It has been a whirlwind of travel, early sobriety, a new ladyfriend, and many things to do that I have never done before, but I am mostly content, if a little scattered. When I get home I’ll have a few days of jet lag and dental work, then I get to drive my favorite route through the Great Basin and the Rockies with my new travel buddy en route to Chicago. I am working hard to get my wits about me again – I have fallen out of touch with many a dear friend over the boozy years, my online presence is terribly sporadic and out of date, and my reputation for being a big flake precedes me in a painful way.. For any of you who have had the frustrating experience of corresponding with me, I am so, so sorry – agonizing over my poor communication keeps me up at night. I have been “sorry” for so long now, the only thing that can make those apologies mean anything is to actually change my behavior. I was hoping that just the act of quitting drinking and drugs alone would clear it all up, but alas, it will actually take some work. I’m on it.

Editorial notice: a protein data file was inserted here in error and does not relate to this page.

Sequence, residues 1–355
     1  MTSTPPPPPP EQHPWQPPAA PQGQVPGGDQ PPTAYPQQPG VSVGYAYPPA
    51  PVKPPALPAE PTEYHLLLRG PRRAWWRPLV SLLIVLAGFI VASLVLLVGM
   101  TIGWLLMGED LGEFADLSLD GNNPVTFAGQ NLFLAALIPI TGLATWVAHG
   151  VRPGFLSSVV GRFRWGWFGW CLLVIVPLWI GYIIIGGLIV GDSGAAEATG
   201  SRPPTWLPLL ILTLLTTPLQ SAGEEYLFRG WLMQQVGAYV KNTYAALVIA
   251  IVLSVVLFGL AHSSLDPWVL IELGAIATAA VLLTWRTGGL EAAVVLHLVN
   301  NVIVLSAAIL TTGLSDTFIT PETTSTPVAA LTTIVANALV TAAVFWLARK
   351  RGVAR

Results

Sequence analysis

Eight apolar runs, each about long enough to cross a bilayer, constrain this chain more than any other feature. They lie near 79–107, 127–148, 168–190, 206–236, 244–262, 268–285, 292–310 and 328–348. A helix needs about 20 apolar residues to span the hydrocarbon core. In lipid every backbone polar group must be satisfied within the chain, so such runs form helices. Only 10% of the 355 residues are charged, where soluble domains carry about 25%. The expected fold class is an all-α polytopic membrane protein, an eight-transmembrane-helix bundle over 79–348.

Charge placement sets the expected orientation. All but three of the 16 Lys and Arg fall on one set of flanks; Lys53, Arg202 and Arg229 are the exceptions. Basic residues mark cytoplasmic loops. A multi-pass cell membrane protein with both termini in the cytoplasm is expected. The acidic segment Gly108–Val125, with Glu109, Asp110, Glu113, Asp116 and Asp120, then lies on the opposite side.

I hope to be more present online, in my communications, in my family and my communities. For now I will go out into rainy downtown Oslo and find some food before a presentation tonight on the state of LGBTQ rights in America, should be interesting.

xoj

 

TDoR 2015

TDoR 2015